Villages and towns in West Norfolk will be getting new paths, speed signs and road improvements thanks to nearly £100,000 worth of funding.
Norfolk County Council is working with 16 town and parish councils on projects to improve safety.
The county has given a total of £206,500 to 68 initiatives across Norfolk under the parish partnership scheme.
Great Massingham will be getting support for a £10,000 project to install two static interactive vehicle signs.
Parish council chairman Olaf Brun said the need for the signs was highlighted by the village’s speedwatch scheme.
He said: “A lot of Norfolk villages have these and my impression is that they are fairly effective in slowing the traffic down.”
Speedwatch co-ordinator Andrew Bickerton said: “It is excellent news and long overdue. This will help with speeding in the village.”
The county is also supporting static cameras in Wimbotsham, Walpole Highway, Heacham, Hilgay and Magdalen.
Mobile speed interactive signs will be placed around Downham in a bid to slow down motorists.
Town clerk Jean Markwell said the cameras will be spending time in 13 sites, including Lynn Road and Bexwell Road.
She said: “This is excellent news for the town. Speeding is a safety issue and we feel very strongly about the safety of pedestrians and motorists.”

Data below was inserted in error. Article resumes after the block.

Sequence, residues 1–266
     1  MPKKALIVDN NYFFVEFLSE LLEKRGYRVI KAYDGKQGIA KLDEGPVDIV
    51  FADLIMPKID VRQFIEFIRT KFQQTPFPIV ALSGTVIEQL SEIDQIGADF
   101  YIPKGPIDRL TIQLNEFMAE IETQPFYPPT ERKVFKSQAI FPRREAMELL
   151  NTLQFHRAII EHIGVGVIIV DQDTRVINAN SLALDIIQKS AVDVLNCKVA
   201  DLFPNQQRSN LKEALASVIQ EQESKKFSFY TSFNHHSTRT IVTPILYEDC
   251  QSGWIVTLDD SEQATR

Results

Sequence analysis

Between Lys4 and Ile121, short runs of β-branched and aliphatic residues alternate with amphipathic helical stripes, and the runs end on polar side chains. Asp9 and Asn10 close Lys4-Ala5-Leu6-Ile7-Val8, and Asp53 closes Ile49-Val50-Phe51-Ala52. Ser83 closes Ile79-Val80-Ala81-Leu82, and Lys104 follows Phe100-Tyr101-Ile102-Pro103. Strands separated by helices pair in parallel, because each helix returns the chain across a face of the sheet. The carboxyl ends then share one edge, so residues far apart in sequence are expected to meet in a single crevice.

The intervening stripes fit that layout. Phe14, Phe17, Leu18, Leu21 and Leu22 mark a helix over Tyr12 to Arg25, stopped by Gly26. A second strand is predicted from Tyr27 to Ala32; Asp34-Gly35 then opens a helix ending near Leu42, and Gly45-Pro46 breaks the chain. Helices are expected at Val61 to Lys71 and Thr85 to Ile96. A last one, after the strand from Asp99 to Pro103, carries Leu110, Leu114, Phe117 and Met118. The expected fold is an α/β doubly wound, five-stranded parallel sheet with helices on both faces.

Middleton and Gayton will also be receiving money to provide mobile speed signs.
Residents in Feltwell will be getting a “trod”, which is an unsurfaced path.
The parish council applied for support for a £9,600 scheme to extend a footpath in Long Lane.
Chairman Jane Batten said this will improve safety in the area as residents are currently walking on a grass verge.
She said: “We are very pleased. It was brought to our attention by residents that it was needed.”
Runcton Holme and Crimplesham will be receiving cash to put up gateways, which are timber fencing designed to make the road appear narrow, in a bid to stop speeding.
Watlington will be receiving funding for schemes worth nearly £4,000.
The parish council will be helped in putting up signs and removing a fence and shrubbery to improve a blind bend near the village hall. It will also receive cash to stop motorists parking on the green close to the railway station.
Chairman Sue Miller said: “We are hoping to make it safer for people using the village hall and for residents around the station.”